Efficiencies In The Refraction Process Improve Entire Patient Experience – And Sales – An Article From Women in Optometry

Original Article Published in Women in Optometry

The refraction process has long been the “least favorite part of the exam for Loretta Seraly, OD, of Seraly Eye Care Associates in McMurray, Pennsylvania. After injuring her shoulder in a fall, the process became painful as well as dreary. “I would trade almost anything to not have to do the refraction,” she says, and when she heard that the Marco TRS-6100 automated refraction system could bring efficiencies and physical relief, she purchased one for each of two exam lanes and then added a third later.

The shift brought joy to her and her patients. “It’s much more enjoyable, and it’s faster. When she comes into the exam room, the pretest data has been transferred into the electronic medical record and she loves to show patients with a push of a button how the prescription today differs from the one that they’re currently wearing.

“I can choose whether I want to start with the new refraction or the patients’ old glasses. Then I can show them the improvement. It helps us avoid trying to answer that common question: ‘Do I need new glasses?’”

Dr. Seraly calls herself a low-key salesperson. “I’m not pushy, but we do have to sell ourselves. This feature lets patients determine if the 0.25D change is worth their time, money or energy. But I will always remind them that we have stylish frames, and a second pair or backup pair is a great option, too,” she says. Having no lag time between the before-and-after comparison does encourage many patients to opt for new eyewear.


Patients don’t like the traditional refraction process any more than she does. They worry about giving the wrong answer that might saddle them with eyeglasses that don’t work well for them. But the addition of this technology has improved her whole practice flow.

“Our goal is to provide the best patient experience – and that means efficiency. We aim to have patients greeted and through pretesting within 15 minutes of their arrival,” she says. This includes autorefraction, topography when called for, an optomap image and an OCT. Then the refraction and anterior segment evaluation and other elements of a comprehensive exam is another 15 minutes. She’ll instill dilating drops if needed.

She also likes the split prism function of the TRS-6100, which allows her to check astigmatism and show the patient simultaneous comparisons so that they can look at the right and left images and tell her which one is clear. It’s helpful in fine-tuning the prescription.

Most patients are done with the evaluation within 25 to 30 minutes of their arrival. “If doctors do not get the exam elements done in that time, patients are fatigued, and sales go down.”

More importantly, patients feel respected when the practice staff make their experience efficient. “It’s not about making money; it’s about serving the patient. They feel heard and appreciate our acknowledgement that their time is valuable.”

Dr. Seraly alerts opticians when she’s finishing the refraction. “By the time I’m done with the anterior segment exam, the optician will be in the room, and I can relay precisely what my recommendation are. I might say, ‘The patient has a high degree of near sightedness, so we discussed high-index lenses,’ for example. Introducing the patient to the optician and sharing a little information about them increases their satisfaction,” she says. The opticians will escort any patients who are dilated during this time back to the exam room after selecting eyewear. “Almost every patient is in and out of the office within 45 minutes to an hour. That drive sales and patient satisfaction.”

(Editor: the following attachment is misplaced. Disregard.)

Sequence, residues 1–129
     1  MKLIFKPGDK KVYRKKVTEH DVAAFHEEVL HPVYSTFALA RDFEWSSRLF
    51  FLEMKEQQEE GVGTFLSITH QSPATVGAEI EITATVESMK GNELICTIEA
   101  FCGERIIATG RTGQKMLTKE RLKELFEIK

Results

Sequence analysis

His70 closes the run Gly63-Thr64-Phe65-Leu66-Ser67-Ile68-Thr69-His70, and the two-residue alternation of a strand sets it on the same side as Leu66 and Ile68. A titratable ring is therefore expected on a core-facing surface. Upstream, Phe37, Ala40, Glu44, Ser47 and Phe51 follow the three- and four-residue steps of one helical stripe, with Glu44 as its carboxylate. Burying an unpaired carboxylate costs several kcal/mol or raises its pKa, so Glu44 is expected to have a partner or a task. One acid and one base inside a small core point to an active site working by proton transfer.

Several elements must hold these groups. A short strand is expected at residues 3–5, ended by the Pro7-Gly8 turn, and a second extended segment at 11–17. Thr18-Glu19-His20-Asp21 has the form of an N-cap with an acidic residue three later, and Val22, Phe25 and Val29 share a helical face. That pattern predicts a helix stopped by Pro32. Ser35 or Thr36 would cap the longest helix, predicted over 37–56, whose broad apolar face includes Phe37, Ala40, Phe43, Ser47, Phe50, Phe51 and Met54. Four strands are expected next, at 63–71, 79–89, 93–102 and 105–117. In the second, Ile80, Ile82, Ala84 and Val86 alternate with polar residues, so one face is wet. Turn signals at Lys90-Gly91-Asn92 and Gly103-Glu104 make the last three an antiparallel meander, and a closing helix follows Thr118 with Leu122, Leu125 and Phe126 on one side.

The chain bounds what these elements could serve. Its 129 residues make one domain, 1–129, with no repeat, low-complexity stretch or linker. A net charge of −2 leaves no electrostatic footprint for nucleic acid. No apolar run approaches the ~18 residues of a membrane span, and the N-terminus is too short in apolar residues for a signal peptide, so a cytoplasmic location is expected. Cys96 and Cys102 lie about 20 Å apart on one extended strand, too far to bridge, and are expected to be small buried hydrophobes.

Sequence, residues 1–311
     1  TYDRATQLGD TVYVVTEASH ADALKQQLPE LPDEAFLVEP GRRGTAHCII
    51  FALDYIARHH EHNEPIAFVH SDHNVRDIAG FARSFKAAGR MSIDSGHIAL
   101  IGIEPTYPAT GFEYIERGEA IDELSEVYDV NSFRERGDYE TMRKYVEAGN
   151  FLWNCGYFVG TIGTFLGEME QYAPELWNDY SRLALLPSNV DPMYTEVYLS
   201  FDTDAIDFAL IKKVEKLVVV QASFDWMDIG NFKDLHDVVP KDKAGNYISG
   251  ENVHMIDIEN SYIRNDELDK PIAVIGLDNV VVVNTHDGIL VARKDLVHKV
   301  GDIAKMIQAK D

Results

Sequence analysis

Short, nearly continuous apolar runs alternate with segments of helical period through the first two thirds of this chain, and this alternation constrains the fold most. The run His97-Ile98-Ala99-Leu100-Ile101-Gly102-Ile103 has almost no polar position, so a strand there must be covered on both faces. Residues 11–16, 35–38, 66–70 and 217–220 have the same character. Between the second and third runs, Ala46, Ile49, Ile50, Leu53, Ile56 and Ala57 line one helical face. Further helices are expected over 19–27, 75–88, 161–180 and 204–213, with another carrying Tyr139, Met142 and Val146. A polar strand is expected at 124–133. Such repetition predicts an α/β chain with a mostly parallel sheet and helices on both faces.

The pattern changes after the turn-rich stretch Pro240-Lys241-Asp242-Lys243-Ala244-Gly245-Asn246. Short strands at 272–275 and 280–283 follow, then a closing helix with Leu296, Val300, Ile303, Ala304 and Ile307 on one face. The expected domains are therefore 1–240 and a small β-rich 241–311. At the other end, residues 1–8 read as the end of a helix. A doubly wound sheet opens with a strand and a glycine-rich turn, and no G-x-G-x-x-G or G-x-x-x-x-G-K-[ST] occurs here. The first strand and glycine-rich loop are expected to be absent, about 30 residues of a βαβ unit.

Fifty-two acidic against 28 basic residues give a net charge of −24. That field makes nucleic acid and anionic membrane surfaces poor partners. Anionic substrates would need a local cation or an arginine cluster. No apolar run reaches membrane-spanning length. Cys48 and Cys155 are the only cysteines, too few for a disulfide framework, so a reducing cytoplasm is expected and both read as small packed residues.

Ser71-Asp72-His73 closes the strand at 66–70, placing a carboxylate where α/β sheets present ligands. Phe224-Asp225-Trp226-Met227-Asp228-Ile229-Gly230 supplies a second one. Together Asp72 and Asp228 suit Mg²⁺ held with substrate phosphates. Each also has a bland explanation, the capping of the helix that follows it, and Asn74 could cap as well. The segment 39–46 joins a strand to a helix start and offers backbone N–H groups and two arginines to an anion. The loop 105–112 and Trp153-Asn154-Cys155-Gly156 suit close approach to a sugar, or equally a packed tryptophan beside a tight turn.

TRS refraction system
Dr. Seraly can use the console in the hallway outside the exam room, allowing her to stand and creating a little distance during the refraction.

Dr. Seraly purchased her first two Marco TRS-6100 systems in December 2019, with no real inkling of an upcoming pandemic. “When March 2020 rolled around, I realized that I was able to leave the room and conduct the refraction. I placed the controller outside the door, so I could step into the hallway and tell the patient he or she could pull down their mask for this part of the exam,” she says.

In fact, she still does it this way for a few reasons. First, it gives her the opportunity to stand up for a few moments. But more importantly, the practice is mask-optional and there are patients who prefer to wear masks. “They appreciate that I’ll step away and they can pull down their mask more comfortably. It also avoids fogging the equipment, which can add time to the process.”

At this point, Dr. Seraly conducts the refraction process still. “I’ve cut the most disliked part of my day down to nearly half of what it used to be,” she says. She has also gained so much confidence in the system that if she choses to delegate that process to a technician, she says that would add even more efficiency because she would simply review the findings.


Dr. Loretta Seraly will be heading to Cambodia this winter, joining a mission group, facilitated through the international Red Cross and founded to distribute wheelchairs to people in Vietnam and Cambodia. This will be her second trip with this group, having gone to Vietnam in 2019. “It’s such a cool thing to be able to experience this kind of mission trip and explore the world,” she says. She’s the only OD, but the group sees about 500 patients during the days she is there. She’ll be traveling with new eyeglasses that she acquired from donations of discontinued lines. “I bought 500 sunglasses, and we have single vision lenses from +4.00D to -6.00D with us. To see someone’s eyes literally open wide when they can see the world around them is so gratifying.”

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